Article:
I was sitting in my doctor's office at 10:09 when CNN.com misfired and posted, "The Supreme Court has struck down the individual mandate for health care." I pulled it up on my phone. My doctor was mostly rooting for the health care law (he's from Canada), but even he got the breaking-news junkie gleam on his face when I told him.
I left and walked into the least boring waiting room experience ever, 20 Cleveland Clinic patients looking expectantly at a TV, reading the CNN captions. Wait, CNN was saying by 10:16... some reporter was finally reading past page 2... not under the commerce clause, but under the power to tax...
Thanks to Walter Dellinger, who should've earned thousands on InTrade for his prediction, I knew what that meant.
"Dewey Defeats Truman -- LIVE!" the Atlantic's Megan Garber called CNN's flub.
That was pretty close. But still not right.
The Court snipped one line out of the Affordable Care Act, but it's a big one. It ruled the states can choose not to go along with the law's expansion of Medicaid. That could lead to a weird split in the country -- liberal states going along with all of health care reform, conservative states going along with half of it.
When I say half, I mean half. You've heard that the new law will give 30 million people health insurance, right? Well, today the New York Times ran a chart, based on Congressional Budget Office estimates, that says 22 million people will get health care coverage through new insurance exchanges, while 17 million will get it from the Medicaid expansion. Now, that means 17 million would get it if their state goes along.
The Medicaid expansion will be 100 percent funded by the federal government -- for a few years. Then 95 percent. Then 90 percent. Even though it's a generous subsidy, conservative states that feel extra-cautious about their financial future (or, not as concerned about the uninsured as others) might decide to turn it down. See this Washington Post story for more.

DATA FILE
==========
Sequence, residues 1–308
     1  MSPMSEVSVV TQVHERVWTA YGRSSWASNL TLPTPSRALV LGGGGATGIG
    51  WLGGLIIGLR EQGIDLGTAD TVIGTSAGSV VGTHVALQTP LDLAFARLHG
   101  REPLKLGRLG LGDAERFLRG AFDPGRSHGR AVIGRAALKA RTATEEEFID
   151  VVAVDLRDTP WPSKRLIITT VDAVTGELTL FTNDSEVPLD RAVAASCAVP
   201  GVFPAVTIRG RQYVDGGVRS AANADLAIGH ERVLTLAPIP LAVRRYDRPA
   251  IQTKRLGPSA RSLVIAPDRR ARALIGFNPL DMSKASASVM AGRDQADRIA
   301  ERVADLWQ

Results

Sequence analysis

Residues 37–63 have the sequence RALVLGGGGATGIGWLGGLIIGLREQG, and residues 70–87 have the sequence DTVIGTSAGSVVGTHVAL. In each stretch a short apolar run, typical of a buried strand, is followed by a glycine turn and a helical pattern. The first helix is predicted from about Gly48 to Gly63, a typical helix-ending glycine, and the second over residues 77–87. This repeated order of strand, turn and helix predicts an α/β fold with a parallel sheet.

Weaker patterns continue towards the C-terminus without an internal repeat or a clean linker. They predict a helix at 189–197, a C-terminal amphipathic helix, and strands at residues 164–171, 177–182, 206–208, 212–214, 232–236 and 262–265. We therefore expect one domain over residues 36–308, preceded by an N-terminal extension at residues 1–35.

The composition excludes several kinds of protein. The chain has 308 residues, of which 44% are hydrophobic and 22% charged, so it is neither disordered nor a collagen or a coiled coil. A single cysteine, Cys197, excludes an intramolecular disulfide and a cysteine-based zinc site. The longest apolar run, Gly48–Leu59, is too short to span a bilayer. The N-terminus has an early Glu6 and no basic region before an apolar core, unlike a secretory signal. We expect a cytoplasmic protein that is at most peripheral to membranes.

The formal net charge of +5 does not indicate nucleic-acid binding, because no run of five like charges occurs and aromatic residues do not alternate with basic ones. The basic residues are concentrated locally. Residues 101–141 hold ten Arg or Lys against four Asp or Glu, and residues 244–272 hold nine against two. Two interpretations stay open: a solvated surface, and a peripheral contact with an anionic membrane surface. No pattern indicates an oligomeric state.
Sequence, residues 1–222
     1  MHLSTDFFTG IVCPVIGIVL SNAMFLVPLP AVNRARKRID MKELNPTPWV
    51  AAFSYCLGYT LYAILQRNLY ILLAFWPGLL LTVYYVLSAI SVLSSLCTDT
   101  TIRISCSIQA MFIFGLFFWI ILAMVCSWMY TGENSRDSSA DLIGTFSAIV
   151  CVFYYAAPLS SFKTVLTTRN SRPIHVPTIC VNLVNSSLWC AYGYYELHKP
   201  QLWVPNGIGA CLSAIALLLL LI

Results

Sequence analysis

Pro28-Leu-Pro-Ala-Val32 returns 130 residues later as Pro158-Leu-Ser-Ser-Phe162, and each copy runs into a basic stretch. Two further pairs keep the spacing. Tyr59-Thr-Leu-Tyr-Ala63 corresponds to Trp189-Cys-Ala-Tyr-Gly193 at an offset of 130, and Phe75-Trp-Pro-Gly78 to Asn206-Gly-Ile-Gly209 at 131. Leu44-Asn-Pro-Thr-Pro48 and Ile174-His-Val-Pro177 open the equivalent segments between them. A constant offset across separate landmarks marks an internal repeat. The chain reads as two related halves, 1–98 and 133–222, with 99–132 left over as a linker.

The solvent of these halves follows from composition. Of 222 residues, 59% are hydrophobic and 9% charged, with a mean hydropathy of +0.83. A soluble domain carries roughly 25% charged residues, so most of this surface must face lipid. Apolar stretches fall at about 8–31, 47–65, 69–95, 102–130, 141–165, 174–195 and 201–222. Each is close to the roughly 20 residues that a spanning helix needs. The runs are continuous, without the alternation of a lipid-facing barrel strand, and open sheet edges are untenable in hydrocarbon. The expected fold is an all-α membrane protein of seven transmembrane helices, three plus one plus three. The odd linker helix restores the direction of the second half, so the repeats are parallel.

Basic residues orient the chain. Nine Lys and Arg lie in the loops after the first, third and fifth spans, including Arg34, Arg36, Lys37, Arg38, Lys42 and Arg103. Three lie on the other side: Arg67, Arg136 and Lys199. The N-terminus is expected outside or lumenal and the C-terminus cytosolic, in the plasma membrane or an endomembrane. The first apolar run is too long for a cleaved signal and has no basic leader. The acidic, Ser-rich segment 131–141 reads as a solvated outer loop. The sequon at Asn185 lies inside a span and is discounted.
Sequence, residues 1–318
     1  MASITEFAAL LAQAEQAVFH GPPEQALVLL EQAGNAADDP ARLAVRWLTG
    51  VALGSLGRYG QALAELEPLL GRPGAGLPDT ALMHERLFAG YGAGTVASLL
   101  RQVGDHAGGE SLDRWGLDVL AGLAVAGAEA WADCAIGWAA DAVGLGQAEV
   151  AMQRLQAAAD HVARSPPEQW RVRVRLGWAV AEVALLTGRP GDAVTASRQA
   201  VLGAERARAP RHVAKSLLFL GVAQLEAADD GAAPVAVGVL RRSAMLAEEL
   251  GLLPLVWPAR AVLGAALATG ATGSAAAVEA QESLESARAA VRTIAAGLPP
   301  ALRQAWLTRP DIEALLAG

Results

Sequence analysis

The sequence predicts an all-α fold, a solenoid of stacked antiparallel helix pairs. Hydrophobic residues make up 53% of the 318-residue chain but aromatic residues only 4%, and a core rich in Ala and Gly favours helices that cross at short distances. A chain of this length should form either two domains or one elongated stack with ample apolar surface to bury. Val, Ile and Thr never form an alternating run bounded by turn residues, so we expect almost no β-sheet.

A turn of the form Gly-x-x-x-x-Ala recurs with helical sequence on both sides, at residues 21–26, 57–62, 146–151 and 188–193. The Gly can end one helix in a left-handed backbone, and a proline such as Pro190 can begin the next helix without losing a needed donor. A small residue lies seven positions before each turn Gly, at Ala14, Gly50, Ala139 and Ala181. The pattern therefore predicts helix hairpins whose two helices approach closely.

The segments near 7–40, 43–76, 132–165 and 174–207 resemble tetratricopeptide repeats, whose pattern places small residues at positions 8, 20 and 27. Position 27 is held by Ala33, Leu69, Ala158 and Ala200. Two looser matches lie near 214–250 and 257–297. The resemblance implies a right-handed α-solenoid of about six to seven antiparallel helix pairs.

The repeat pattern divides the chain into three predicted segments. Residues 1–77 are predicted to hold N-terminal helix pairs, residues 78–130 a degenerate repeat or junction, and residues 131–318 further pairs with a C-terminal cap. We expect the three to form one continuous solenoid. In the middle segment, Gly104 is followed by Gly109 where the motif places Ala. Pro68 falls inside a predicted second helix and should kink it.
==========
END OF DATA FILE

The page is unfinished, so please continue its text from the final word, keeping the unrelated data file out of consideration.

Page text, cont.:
Gov. John Kasich and Lt. Gov Mary Taylor have strongly resisted the health care law. Yesterday they issued a statement saying they're "very concerned" about "a sudden, dramatic increase in Medicaid spending."
They're hinting that they might decide to turn down the federal money and not expand Medicaid to cover everyone in or near poverty in Ohio. That could become a huge issue in state politics by next year.
But I'm a step ahead. For now, the real question isn't, will Ohio's government say no to half of health care reform? It's, will Ohio voters say no to all of it?
What I mean is, everyone says this election is about the economy and jobs. But what if it's really about health care?
The economy may decide the election, but the election will decide whether the health-care law stays or goes. Romney promises to repeal it.
Ohio's looking a lot like the ultimate swing state again. It could clinch the presidency for Obama, or put Romney very close to winning. So the future of the health care law may have passed from the Supreme Court's hands to Ohio voters'.